Eight types of suitable substrates for the reproduction of stable flies were collected along a transect from the primary forest in an anthropic environment (Makokou districts) through secondary forest. The primary and secondary forests represented natural environments while the neighborhoods such as Makokou stood for artificial or manmade environments. In the primary forest, three types of substrates were collected: litter (PFL), elephant dropping (ELD) and small African antelope (Cephalophus) dropping (CED). In secondary forest, two types of substrates were collected which consisted of litter (SFL) and Chimpanzee dropping (MOD), while in the neighborhoods of Makokou, three substrates were collected namely: decaying plant matter (VMD), organic waste from garbage in villages (VIG) and cow dropping (CAD). The substrates were collected with a shovel and with a minimum of ground to avoid the presence of soil-dwelling larvae. Collected substrates were placed in plastic bags (polyethylene) labeled with information like place of collection and type of waste. All the collected substrates were transported to the laboratory and distributed in cages.
The emergence cage traps are generally pyramidal in shape (40 cm length x 30 cm width x 40 cm height). Their basal support is tightly surrounded by a wooden frame (50 x 50 cm). This basal support is covered by a black cotton fabric to ensure darkness. At the top of this trap, a funnel-shaped cage is placed and this Roubaud cage is covered with a bag made up of white mosquito net. This device was used to trap the imagos after emergence (Figure 2). An aliquot of 700 g of each substrate was placed in each cage prior to emergence for a total of 12 emergence cages. These cages were installed in a room where the temperature was maintained at 25°C throughout the study, but for the Chimpanzee dropping (from the primary and secondary forest), 6 cages containing 400g each of the substrate were used (Table 1).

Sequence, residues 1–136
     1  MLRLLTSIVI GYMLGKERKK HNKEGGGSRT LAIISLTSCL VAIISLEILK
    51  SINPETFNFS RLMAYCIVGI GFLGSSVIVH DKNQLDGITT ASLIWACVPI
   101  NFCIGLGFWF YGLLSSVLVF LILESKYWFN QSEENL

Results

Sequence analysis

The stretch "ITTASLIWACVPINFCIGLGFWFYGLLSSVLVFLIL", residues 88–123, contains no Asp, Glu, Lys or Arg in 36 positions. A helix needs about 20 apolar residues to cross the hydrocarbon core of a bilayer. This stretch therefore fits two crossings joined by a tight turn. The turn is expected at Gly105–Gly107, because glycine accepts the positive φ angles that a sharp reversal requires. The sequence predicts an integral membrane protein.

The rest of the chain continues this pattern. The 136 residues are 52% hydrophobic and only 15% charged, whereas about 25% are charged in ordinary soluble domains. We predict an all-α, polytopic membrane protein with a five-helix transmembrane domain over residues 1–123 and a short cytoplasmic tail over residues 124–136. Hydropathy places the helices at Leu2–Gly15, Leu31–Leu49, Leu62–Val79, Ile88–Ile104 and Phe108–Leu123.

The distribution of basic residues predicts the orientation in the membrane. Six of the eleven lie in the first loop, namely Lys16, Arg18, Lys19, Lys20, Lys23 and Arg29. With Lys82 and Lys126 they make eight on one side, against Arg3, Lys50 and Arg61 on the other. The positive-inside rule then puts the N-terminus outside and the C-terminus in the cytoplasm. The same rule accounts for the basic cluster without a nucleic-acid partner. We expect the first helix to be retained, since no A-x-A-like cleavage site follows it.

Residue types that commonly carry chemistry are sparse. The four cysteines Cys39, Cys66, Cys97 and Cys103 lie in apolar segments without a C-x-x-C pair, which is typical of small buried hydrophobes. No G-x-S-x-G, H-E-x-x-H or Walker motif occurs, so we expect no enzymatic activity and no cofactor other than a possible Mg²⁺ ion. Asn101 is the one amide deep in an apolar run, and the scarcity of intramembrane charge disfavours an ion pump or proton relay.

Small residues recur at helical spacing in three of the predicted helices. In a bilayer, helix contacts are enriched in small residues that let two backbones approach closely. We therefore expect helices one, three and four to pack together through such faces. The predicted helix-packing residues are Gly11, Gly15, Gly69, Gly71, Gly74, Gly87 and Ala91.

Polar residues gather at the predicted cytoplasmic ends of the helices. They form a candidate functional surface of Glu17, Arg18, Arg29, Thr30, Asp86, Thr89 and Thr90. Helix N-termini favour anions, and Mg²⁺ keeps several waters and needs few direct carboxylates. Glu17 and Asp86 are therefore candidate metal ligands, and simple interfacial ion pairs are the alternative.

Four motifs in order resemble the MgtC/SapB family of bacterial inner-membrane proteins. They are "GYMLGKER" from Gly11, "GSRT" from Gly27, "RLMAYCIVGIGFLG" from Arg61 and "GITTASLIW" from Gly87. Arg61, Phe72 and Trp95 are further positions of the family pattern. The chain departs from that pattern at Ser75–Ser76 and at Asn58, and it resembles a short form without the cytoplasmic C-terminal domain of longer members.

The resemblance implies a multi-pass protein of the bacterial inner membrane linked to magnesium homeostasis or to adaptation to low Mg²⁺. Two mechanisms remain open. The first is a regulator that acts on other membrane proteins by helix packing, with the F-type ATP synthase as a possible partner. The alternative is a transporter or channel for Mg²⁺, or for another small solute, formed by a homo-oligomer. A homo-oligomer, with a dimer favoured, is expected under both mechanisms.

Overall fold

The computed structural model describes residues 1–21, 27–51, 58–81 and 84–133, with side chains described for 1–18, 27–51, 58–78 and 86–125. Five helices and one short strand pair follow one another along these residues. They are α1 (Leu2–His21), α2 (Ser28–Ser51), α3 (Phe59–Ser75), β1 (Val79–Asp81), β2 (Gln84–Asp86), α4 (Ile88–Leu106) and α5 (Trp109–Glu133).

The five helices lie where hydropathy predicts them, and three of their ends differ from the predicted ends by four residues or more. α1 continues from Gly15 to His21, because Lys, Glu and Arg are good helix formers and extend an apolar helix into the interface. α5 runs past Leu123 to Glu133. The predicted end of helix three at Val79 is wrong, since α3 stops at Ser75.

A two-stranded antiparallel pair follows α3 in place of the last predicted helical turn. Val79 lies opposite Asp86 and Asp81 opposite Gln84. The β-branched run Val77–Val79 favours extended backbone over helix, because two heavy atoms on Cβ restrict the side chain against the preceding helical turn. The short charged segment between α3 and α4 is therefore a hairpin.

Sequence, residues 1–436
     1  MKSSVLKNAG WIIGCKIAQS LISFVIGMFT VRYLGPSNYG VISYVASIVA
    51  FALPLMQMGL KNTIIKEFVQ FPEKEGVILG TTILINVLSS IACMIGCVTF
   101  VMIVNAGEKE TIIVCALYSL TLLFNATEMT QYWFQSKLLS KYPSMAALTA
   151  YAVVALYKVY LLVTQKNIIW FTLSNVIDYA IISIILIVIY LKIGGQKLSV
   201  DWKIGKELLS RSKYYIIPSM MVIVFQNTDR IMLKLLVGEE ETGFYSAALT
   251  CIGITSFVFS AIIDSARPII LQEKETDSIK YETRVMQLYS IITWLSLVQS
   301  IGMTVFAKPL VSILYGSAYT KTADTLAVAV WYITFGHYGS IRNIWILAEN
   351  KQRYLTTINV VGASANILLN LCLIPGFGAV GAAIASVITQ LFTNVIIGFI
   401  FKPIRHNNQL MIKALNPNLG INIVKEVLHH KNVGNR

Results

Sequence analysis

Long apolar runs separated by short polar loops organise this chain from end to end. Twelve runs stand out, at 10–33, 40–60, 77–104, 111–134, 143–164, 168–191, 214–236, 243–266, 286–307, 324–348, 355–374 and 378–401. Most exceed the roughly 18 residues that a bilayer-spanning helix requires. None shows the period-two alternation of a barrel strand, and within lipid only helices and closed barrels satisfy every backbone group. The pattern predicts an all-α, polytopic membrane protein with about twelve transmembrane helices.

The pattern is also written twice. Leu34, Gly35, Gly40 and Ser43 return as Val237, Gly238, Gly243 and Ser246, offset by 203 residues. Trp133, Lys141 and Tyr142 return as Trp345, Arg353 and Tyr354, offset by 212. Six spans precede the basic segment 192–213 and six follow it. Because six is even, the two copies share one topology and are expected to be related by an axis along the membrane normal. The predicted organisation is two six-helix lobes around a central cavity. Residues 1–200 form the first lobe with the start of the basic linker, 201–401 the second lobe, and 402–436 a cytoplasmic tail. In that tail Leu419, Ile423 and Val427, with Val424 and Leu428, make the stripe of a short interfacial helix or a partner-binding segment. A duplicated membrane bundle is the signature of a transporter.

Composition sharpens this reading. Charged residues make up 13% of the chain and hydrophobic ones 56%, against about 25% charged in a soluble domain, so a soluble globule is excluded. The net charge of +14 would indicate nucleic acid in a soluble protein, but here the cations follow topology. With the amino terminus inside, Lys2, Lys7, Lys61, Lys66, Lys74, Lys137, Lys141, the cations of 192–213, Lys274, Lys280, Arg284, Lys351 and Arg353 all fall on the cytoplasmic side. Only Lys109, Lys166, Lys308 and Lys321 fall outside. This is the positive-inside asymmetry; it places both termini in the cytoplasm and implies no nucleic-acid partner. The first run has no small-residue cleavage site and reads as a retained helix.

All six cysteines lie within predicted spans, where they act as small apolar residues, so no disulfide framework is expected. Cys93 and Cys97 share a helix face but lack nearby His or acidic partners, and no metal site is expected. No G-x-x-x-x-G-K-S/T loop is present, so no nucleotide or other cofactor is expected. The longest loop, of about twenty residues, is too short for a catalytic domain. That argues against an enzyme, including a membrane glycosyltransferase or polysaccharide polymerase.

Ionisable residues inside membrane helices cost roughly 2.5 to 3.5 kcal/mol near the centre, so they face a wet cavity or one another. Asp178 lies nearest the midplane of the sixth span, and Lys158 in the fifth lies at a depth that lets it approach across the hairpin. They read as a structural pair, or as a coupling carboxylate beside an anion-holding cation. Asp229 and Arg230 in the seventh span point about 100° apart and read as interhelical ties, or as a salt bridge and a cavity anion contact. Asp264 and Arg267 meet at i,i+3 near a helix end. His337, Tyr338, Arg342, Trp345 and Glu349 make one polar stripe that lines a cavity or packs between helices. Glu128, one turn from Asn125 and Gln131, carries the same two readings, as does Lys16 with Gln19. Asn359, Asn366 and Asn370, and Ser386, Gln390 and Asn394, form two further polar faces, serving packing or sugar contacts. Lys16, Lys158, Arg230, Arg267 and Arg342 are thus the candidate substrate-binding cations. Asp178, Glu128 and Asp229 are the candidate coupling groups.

|Month (2006)||Source of substrate||Nature of substrate||Number of cages used||Mass of substrate in cages (grams)|
|Jan.||Primary forest||Litter (PFL)||12||700|
|Feb.||Secondary forest||Litter (SFL)||12||700|
|Mar.||Anthropized milieu||Cow dropping (CAD)||12||700|
|Apr.||Primary forest||Elephant dropping (ELD)||12||700|
|May||Anthropized milieu||Decomposing grass (VMD)||12||700|
|Jun.||Primary forest||Cephalophus dropping (CED)||12||700|
|Jul.||Secondary forest||Chimpanzee dropping (MOD)||6||400|
|Aug.||Anthropized milieu||organic waste from garbage (VIG)||12||700|